Withdrawal from ECHR critical to protect our physical and financial security says UKIP

Court cases lodged by ISIS, or families of terrorists, risk spiralling into international legal warfare, unless the UK immediately withdraws from the European Court of Human Rights.

In the past week, British taxpayers are being stung for potentially millions of pounds, in lawsuits filed one of soldier Lee Rigby’s murderers, as well as the parents of British-born ISIS terrorist named “Jack”. Jack, who converted to Islam and travelled to the ISIS stronghold of Raqqa in Syria, is thought to have been captured by Kurdish militia during 2017.

Richard Bingley, UKIP Spokesperson for Terrorism and Cyber Security said:

“It is documented in ISIS terror training guides that a major way to sap the morale of their enemy (i.e. us) is to exploit and choke-up our legal system.

“From their point of view, these tactics cost us lots of money and police time. But also, more vitally, they are designed to drag on for years, and deteriorate our confidence and resolve.

The longer uncertainty lasts, the more human beings tend to over-analyse and destroy something. It’s classic psychological warfare. They know it. Our military and intelligence agencies know it.

“Our government should reject any attempt to accommodate ISIS terrorists, or their supporting infrastructure, within our British legal system.

“This is something our MPs can fix. But the problem worsens when these individuals lose cases and can successfully apply to the ECHR, which has a keen track-record of backing compensation claims by terrorists and their families. We need to withdraw from ECHR, for our own physical and financial security.”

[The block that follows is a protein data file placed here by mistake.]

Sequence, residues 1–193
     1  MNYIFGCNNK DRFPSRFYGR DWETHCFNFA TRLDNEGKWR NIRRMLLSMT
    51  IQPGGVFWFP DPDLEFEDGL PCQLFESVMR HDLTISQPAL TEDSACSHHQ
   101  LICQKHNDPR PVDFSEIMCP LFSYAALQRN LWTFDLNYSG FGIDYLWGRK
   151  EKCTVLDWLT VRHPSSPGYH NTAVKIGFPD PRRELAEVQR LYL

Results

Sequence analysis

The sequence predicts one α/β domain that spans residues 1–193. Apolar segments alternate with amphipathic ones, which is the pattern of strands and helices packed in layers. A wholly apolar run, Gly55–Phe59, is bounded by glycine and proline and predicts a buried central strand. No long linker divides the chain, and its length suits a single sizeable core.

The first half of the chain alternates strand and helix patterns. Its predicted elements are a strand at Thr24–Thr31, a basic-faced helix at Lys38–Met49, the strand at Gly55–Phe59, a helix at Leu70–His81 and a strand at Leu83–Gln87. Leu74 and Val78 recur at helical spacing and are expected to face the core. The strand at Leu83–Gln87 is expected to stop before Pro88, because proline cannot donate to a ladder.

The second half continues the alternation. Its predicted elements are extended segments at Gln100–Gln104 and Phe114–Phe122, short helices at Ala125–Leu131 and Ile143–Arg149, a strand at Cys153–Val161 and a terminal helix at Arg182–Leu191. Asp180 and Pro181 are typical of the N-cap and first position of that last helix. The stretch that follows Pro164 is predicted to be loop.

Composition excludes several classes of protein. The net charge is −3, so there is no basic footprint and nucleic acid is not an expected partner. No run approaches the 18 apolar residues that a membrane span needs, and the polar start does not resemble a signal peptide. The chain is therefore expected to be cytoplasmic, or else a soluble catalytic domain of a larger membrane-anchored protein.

2 Comments

  1. Withdraw from ECHR Now. I do not want my Hard earned Tax Payments to be going to Islamic Terrorists or their Families. Can those FOOLS in Brussels not see what is happening here. No More. No Excuses NAZI Despots of Brussels !!!!

  2. We need to fundamentally reappraise the globalist project. There is a logic to regulatory agreements (for instance in trade) but there is not when we provide rights to non-citizens at the expense of citizens.

    The 1951 UN Charter on Refugees for instance. Whilst this charter allowed only those in Europe sanctuary (i.e. our responsibility was a wider orbit around our own backyard and would have covered Yugoslavia) the 1967 protocol that extended it globally has had a particularly negative effect.

    Tony Abbott discussed this in 2013. It’s time other politicians (and think tanks) debated how we can extricate ourselves with the least political damage.

    Stating the desire is not the same as outlining its feasibility, a criticism that might be levelled at this piece on the ECHR.

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